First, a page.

By Amanda Morrall
A colleague told me yesterday's column was too heavy so it's all business today folks.
1) Irrational exuberance?
Shareholders yesterday were warned to pull in their heads, or at least curb their enthusiasm amid signs of an overheating stock market. The warning, delivered by Tower Investments at its first media briefing for 2013, was on the basis of that flagging interest in fixed-interest (dogged by a lower for longer interest rate environment) was artificially driving up share prices in turn compounded by an ensuing herd effect.
CEO Sam Stubbs told reporters that investors needed to be cautious not to confuse high prices for higher quality offerings. For that reason, Stubbs said Tower had begun increasing its exposure to the Australian sharemarket.
For more on the news briefing, see this report from Radio NZ.
2) How to value shares
So what are the metrics for judging whether share prices are overvalued? Two standard measurements are absolute valuations and relative valuations. Here's an excellent piece explaining the process at length from the U.K. investment blogger Monevator.
3) NZ Superannuation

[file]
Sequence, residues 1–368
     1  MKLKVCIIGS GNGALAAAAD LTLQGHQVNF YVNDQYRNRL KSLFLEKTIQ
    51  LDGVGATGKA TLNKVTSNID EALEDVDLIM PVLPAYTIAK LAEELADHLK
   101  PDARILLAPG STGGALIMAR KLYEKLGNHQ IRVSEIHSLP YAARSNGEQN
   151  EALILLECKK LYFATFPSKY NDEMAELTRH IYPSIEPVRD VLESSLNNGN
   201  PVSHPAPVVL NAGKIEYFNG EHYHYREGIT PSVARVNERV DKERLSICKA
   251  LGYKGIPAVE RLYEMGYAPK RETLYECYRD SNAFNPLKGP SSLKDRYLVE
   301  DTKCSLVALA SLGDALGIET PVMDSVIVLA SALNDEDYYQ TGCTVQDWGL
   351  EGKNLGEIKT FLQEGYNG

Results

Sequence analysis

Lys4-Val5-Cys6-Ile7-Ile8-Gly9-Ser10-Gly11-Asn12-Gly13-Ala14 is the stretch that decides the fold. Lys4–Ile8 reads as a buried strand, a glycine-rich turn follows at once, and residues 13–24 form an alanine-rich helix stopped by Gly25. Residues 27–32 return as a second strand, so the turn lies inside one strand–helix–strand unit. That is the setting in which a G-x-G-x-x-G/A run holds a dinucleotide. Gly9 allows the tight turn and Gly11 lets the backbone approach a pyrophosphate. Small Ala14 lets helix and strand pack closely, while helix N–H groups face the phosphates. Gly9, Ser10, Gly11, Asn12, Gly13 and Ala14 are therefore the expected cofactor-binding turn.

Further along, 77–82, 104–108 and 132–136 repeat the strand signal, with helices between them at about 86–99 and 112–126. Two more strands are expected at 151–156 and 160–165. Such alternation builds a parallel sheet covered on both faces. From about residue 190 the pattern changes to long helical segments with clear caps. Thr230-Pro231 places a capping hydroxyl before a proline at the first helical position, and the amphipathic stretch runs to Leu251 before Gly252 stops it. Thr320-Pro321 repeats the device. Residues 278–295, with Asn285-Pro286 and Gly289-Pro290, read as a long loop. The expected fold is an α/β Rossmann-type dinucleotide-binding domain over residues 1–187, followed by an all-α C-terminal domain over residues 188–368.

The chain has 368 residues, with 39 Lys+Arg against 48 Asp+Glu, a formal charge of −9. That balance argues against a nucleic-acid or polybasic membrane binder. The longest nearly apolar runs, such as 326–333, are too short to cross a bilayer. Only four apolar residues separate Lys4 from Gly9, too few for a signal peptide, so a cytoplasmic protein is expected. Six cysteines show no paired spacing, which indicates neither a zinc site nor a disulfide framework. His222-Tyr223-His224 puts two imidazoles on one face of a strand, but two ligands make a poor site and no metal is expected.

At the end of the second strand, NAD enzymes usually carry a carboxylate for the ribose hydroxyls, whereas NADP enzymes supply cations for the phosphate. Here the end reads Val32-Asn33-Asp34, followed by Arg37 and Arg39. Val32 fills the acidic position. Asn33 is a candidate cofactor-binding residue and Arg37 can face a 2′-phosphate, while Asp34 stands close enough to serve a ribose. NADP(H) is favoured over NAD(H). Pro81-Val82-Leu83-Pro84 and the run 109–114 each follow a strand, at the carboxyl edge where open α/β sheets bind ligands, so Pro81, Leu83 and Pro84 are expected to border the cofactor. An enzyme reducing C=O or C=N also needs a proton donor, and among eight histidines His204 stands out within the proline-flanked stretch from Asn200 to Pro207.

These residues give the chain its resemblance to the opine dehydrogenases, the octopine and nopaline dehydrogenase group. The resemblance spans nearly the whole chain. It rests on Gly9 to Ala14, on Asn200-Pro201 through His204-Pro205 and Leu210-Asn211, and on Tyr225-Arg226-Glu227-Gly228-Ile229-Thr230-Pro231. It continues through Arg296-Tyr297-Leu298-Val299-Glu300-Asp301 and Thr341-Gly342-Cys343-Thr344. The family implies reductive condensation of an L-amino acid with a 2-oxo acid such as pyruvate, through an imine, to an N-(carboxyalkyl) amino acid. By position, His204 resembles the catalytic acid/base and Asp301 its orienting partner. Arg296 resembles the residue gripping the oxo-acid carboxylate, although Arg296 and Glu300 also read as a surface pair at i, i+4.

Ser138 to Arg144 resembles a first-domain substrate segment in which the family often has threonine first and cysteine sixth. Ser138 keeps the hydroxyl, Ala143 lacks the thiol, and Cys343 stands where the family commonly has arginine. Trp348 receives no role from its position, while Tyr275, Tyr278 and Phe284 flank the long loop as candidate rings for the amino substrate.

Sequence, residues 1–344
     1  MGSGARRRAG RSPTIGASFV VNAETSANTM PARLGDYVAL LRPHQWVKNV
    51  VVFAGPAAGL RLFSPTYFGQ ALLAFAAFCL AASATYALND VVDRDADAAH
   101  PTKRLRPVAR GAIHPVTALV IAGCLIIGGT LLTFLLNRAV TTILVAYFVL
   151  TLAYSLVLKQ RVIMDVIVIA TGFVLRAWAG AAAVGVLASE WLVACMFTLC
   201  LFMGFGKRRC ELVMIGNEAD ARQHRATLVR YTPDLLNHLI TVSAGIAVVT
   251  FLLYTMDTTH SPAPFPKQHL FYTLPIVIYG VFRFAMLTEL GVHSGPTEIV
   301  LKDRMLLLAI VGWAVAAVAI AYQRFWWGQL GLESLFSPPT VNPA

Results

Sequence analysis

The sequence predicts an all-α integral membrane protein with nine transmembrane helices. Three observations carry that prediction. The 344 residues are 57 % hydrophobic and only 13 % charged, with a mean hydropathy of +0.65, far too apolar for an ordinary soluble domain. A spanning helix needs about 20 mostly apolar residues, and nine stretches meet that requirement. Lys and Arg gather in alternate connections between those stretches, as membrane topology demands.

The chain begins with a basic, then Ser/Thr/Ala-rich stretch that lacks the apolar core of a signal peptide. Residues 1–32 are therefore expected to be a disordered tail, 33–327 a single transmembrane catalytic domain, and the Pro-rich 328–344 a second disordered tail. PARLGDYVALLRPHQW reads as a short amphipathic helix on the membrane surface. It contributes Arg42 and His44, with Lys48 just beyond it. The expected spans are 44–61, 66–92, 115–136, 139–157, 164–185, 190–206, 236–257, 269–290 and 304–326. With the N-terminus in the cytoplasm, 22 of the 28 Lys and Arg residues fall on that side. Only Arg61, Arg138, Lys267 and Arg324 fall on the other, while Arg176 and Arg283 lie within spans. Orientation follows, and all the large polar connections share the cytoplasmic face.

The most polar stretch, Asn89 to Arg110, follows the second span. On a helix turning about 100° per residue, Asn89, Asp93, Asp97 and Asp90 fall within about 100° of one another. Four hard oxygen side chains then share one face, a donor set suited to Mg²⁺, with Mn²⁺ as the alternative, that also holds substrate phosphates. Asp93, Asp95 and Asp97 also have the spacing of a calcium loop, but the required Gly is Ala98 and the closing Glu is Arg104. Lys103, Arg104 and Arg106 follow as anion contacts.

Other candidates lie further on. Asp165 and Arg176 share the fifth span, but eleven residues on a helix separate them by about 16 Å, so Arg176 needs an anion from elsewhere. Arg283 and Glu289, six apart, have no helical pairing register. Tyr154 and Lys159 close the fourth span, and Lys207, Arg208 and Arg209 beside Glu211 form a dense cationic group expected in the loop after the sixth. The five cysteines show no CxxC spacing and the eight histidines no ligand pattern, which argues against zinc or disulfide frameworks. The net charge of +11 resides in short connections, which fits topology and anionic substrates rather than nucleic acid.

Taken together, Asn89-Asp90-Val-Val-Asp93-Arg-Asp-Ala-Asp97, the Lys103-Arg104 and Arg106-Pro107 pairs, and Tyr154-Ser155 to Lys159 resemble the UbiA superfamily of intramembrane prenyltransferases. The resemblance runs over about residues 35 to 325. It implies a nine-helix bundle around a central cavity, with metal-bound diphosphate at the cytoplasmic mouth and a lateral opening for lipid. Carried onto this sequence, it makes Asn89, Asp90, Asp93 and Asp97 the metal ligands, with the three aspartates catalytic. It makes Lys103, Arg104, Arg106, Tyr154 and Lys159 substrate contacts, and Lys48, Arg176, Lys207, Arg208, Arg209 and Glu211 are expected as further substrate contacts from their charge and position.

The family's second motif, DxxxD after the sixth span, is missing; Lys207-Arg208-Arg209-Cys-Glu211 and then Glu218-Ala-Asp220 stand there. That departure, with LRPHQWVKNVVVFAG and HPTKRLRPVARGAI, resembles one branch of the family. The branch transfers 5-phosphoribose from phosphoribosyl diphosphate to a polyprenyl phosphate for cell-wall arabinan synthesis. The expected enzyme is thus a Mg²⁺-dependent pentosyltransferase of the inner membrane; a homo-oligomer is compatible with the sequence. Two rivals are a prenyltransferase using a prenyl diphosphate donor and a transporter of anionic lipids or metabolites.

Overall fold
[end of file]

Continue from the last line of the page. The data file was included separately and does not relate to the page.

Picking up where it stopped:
Whether the NZ Super fund is growing on the back of an ever expanding bubble is debatable. Last year's returns (close to 20%) are undeniably juicy by anyone's count. In the 12 months to Dec.31, 2012, the NZ$20 billion pension fund returned 19.17%. The fund's allocation of New Zealand equities is 5% of total assets. Other New Zealand assets include holdings in forests, farmland, commercial property and private companies.
A complete report on the NZSF performance can be viewed here. Page eight has a complete break down of asset allocation.
See also this report from TVNZ for more highlights.
4) Best money books
Looking to build your personal finance library? Here's the top picks as chosen by financial bloggers from around the globe. My own contribution is expected to hit the bookshelf at the end of this month.
5) Low impact jobs?
A regular reader with a passion for conservation and the environment sent me the following blog contemplating a range of interesting and thorny issues including the residual carbon foot printing of goodwill work. The argument being that people in a position to donate money or time to good causes did so on the back on jobs that mainly extracted a high price from Mother Earth. Interesting food for thought and well written. Enjoy.